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These recent years have been an exercise in limitation.  The last almost 8 years have been an improvisational dance of give and take with cancer.  It has changed or taken many things important to me,  giving some things back after a while, taking some things forever.  If I thought I only had one option in life, that there was only one way to do things, I would be plumb out of options.  Limitation inspired me to adapt and get creative when I felt like I was losing all the things I loved to do.  At my worst point, and for about a year, I experienced constant debilitating spasms in my neck and back caused by radiation treatment to my spine. In addition, the chemo caused a chronic cough that sent zaps of pain throughout my back, so intense they eventually broke a rib. The medicines that made that spasms slightly bearable made my stomach extremely ill, taking away my enjoyment of many of the things I loved most, including food!

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During those days, you could find me laying in a yoga class listening to the teacher and imagining the poses, doing the very few I could muster.  Food and I had a precarious relationship, so I developed as many variations of broth and rice soup as I could think of, and dove into my favorite cookbooks and food blogs, trying to find things that would appetize me.  I fell in love with writing and lettering in my journal, because it was something creative I could do with very little movement.  I still live with cancer every day, but I’m grateful to say that my latest treatment regimen has been kinder on my body, and I’ve been climbing mountains in Thailand, gaining strength in my yoga practice, and am able to eat food that excites me again!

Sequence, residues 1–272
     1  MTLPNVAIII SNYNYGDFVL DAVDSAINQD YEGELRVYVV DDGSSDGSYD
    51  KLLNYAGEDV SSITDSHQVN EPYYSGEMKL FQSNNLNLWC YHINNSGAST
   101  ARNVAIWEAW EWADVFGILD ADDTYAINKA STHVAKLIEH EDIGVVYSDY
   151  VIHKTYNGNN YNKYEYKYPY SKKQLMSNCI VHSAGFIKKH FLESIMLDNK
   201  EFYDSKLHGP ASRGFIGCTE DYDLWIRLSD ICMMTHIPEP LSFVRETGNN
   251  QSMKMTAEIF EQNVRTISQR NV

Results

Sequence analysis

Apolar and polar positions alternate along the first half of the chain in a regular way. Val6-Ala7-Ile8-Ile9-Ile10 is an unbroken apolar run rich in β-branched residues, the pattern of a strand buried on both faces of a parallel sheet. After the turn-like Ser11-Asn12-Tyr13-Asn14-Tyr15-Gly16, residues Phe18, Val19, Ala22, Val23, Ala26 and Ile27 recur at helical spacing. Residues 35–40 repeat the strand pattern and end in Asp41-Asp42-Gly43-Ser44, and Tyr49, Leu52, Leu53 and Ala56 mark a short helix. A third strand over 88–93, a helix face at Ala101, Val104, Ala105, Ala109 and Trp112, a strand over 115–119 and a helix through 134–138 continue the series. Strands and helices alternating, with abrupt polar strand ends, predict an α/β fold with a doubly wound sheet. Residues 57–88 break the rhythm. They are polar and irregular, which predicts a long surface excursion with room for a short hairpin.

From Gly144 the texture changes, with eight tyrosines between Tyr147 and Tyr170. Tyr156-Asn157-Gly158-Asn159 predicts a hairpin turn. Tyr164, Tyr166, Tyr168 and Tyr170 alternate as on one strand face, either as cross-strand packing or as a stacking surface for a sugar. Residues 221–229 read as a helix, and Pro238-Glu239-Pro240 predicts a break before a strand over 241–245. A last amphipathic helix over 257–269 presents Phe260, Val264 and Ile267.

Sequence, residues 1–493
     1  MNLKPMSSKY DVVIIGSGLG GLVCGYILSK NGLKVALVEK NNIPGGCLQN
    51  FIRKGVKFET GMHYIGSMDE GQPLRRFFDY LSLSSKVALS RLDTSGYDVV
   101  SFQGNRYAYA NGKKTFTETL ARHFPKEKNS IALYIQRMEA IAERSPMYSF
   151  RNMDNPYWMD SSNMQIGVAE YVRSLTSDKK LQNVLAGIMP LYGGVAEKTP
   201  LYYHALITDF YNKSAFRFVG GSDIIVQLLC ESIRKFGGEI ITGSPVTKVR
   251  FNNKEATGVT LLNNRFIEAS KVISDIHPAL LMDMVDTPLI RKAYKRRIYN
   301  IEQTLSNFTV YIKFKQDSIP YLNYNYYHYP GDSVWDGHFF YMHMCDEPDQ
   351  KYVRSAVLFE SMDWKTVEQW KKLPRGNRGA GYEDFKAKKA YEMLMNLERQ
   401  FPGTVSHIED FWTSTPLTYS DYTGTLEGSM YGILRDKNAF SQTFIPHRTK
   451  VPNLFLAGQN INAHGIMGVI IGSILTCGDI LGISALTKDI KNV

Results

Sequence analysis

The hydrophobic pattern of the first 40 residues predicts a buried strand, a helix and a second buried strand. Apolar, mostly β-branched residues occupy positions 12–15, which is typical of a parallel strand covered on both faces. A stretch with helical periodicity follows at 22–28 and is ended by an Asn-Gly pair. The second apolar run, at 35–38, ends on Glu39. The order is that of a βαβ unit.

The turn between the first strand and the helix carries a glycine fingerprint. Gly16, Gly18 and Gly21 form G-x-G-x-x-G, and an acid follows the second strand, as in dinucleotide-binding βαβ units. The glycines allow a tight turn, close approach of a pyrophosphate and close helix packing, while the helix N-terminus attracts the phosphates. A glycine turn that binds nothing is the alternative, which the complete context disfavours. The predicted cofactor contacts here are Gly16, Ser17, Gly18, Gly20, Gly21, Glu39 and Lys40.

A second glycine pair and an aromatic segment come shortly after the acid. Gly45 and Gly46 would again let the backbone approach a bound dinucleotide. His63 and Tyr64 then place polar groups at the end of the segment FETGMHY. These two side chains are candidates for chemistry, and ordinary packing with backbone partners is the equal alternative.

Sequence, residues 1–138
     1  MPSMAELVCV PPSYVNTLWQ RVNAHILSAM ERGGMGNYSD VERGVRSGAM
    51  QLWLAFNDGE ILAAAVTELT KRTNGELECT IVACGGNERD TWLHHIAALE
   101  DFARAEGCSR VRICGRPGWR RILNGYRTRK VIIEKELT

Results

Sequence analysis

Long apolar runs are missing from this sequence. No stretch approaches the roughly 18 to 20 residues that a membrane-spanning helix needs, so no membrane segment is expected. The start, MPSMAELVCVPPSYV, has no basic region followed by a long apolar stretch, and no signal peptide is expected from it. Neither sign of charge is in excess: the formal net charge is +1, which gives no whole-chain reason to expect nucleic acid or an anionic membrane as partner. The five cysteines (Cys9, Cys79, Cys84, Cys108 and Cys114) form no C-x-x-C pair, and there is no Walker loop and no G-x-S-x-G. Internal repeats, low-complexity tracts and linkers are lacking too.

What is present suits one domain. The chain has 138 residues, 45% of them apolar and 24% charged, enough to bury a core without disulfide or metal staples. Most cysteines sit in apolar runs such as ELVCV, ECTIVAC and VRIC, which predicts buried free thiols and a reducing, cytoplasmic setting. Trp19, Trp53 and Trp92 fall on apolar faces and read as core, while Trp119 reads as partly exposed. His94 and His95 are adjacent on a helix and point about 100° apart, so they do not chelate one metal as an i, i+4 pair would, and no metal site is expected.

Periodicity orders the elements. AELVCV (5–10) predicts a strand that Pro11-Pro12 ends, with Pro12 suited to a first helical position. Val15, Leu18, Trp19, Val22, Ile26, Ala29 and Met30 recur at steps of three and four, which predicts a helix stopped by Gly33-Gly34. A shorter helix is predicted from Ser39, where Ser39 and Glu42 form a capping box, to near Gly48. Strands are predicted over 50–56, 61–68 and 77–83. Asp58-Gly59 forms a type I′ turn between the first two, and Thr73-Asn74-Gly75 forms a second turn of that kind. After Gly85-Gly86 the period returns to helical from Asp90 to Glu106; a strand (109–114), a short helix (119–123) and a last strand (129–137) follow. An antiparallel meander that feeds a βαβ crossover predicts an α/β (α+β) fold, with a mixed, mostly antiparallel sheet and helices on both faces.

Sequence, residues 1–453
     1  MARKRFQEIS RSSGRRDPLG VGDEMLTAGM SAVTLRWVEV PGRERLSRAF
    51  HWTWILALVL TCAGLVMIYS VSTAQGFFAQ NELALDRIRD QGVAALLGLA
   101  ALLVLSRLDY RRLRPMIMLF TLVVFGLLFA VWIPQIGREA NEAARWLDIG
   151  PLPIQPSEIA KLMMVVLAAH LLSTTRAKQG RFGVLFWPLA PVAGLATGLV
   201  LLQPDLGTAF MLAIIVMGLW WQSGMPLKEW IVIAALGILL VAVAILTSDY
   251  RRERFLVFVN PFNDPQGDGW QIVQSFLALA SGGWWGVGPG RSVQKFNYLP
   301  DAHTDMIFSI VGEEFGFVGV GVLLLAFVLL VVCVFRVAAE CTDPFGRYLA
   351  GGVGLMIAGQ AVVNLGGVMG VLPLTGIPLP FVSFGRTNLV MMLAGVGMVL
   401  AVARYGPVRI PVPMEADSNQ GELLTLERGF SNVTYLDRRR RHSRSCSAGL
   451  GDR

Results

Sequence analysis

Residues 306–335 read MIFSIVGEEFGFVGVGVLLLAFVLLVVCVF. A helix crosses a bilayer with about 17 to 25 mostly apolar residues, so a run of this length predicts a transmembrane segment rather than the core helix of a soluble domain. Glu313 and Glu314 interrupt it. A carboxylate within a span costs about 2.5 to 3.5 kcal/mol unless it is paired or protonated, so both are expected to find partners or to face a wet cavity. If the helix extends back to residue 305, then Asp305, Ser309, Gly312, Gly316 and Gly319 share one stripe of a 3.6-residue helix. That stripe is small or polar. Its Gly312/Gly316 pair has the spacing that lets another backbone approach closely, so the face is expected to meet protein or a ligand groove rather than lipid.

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No matter your limits, let them inspire you to dream of all the things that are possible and not get bogged down chasing all the things you’ve lost.  Know which things to pursue and work toward, which things to wait patiently in hope of a reunion, and which things to let go the best you can.  There are things I will never get back, and every day is a balancing act, but I’m here now, each new day an opportunity to turn limitation into new possibilities.

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The kitchen is a fun playground for this exercise.  I’m the most creative when I have to find a way to create with what I have on-hand instead of running to the store for all new ingredients.  Recipes are guidelines, and the recipes I post here are often snapshots in time of my latest version.  They constantly undergo little tweaks and additions based on what I have, what I’m craving, or a wacky idea I think just might work.  Don’t be afraid to make your own additions!

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The Mister loves this recipe.  My in-the-moment adaptations worked well, and the sauce kept the same character;  creamy, rich, savory and chock full of mushrooms.  We like to have it over gnocchi paired with something lighter and more nutrient-dense on the side like my brussels sprouts salad, since the gnocchi is pretty starchy and filling.  This sauce would make a great mushroom gravy over mashed or roasted potatoes, whipped cauliflower, a cauliflower steak,  salmon or piece of seared chicken for the non-vegetarians.  It also makes a great pasta sauce.  We have options, people!

Let’s let our limitations in the kitchen and beyond inspire creativity and possibility!vegan-mushroom-stroganoffspoonwithme-com-11

Creamy Vegan Mushroom Sauce